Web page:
According to financial services industry insiders, Canadians are putting more of their money in savings accounts and less in higher-risk investments. Normally, an increase of three to five percent in the amount of Canadians opening chequing and savings accounts is expected annually, but this year the number has grown by 20 per cent.
David McVay, a financial services consultant, told the Canadian Press that the change in Canadians opening up bank accounts is a substantial increase.
“Canadians are more conservative than they were in 2007,” McVay told CBC News. “We’re seeing a shift from stock investing into keeping more money in savings accounts because of the financial crisis,” he said.
Soon-to-retire baby boomers are trying to play it smart, rather than take risks that could have them putting off retirement even longer.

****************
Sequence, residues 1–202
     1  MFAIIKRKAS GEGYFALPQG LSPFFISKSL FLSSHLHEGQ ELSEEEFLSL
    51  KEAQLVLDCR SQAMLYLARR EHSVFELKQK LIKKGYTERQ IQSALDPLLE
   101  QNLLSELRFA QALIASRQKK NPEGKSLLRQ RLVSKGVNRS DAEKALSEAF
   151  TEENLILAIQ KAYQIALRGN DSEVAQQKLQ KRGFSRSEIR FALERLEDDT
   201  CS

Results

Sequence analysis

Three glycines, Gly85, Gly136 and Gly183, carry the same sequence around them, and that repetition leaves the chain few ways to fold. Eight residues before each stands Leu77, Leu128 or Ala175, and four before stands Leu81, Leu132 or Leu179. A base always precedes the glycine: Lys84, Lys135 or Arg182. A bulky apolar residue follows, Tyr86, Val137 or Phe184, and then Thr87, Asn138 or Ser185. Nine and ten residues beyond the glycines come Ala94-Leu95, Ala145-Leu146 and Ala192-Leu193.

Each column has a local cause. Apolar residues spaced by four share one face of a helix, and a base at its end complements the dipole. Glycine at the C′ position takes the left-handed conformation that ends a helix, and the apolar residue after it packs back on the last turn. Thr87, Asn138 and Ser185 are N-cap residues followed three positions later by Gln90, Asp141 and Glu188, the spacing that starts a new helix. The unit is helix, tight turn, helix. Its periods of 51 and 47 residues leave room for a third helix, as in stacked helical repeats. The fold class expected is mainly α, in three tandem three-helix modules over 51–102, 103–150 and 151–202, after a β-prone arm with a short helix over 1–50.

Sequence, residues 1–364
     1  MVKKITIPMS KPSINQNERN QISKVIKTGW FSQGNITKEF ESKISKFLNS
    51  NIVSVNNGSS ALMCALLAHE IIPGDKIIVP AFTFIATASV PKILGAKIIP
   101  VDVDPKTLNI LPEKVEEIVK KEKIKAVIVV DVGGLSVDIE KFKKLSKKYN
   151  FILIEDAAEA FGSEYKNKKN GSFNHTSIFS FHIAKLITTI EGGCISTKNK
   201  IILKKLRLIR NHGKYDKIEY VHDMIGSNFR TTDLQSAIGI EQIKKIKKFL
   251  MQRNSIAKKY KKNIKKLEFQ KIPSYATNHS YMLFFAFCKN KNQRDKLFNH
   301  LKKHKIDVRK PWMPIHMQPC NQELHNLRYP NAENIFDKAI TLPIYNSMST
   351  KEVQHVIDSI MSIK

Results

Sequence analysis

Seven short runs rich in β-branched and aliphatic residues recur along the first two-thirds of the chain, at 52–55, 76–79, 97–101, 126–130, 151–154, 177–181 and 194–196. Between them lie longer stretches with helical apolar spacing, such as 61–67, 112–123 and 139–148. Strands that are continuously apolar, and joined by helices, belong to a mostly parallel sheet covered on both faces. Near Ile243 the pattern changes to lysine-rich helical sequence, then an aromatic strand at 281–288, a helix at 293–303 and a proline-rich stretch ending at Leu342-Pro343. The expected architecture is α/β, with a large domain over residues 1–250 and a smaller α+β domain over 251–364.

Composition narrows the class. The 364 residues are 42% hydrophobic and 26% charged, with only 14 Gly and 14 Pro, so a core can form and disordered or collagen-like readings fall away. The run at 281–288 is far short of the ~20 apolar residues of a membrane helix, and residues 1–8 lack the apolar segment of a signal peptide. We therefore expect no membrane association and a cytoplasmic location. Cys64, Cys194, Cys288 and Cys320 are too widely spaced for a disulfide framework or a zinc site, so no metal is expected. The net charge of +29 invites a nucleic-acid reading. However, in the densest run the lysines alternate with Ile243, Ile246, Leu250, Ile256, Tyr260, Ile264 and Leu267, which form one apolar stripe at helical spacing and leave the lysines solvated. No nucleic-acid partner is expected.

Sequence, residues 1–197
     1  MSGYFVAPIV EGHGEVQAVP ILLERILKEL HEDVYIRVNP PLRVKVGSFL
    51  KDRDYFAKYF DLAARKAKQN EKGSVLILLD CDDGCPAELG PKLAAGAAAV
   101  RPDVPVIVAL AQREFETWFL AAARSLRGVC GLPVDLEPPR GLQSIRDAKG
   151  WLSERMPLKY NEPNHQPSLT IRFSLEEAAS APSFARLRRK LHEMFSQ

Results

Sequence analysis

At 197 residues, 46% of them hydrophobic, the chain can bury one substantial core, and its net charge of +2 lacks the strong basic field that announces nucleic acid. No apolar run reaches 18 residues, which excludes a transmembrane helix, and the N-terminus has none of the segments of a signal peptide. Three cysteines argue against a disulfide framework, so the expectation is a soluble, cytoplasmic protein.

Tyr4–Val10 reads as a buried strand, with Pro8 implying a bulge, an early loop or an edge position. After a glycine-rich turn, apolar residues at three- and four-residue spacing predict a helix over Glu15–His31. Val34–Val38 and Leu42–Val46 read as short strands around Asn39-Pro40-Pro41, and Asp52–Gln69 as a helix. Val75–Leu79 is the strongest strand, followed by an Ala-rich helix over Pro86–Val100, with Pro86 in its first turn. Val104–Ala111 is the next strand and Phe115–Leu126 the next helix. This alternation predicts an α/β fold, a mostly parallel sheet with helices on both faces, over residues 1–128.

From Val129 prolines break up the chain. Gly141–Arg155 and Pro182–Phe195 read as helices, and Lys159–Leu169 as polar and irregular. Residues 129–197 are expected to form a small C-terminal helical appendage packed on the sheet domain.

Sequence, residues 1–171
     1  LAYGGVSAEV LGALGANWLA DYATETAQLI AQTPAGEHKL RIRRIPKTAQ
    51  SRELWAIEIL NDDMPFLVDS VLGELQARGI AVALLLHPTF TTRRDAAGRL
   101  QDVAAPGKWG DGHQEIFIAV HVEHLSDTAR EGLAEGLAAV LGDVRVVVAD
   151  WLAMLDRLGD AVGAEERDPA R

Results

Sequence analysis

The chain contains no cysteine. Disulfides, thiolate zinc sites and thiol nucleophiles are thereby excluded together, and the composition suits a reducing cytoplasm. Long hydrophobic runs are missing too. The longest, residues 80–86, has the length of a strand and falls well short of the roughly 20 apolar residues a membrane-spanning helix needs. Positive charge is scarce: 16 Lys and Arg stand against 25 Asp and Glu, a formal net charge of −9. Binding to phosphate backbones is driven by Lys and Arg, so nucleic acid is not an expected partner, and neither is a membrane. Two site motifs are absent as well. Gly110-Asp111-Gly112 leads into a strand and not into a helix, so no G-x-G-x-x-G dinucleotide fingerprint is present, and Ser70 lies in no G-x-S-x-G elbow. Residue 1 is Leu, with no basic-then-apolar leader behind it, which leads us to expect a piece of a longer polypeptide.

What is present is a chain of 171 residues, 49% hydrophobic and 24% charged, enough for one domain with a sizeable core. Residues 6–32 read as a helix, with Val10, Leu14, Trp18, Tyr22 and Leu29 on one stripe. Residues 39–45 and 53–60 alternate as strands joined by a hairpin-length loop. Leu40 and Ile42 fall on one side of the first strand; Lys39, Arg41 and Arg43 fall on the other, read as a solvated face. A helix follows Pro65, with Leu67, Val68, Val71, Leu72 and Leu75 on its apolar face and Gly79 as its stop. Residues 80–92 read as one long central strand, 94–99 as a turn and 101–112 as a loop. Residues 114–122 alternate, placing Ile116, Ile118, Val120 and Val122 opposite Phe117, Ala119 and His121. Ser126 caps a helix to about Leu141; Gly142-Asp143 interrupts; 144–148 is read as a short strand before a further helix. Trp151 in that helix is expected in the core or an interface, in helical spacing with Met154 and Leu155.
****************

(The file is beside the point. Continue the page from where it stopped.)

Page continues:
Banks are also picking up on Canadians’ uncertainty, and according to McVay, “the banks are marketing to the uncertainty that Canadians have about their savings and retirement plans caused by the financial crisis.” Banks can also make more money through savings accounts opposed to stocks or bonds that are doing poorly, and cater to consumers with points incentives and cash-back options.
Potential homeowners did take advantage of the better outlook during the early stages of recovery though, jumping on lower interest rates.
“We did see households, spurred by ultra-low interest rates, accumulating debt, largely for the purpose of homeownership,” said McVay, “but going forward that does need to slow and households do need to save more in order to rebalance their finances and bring down the potential vulnerabilities that households would face as interest rates rise.”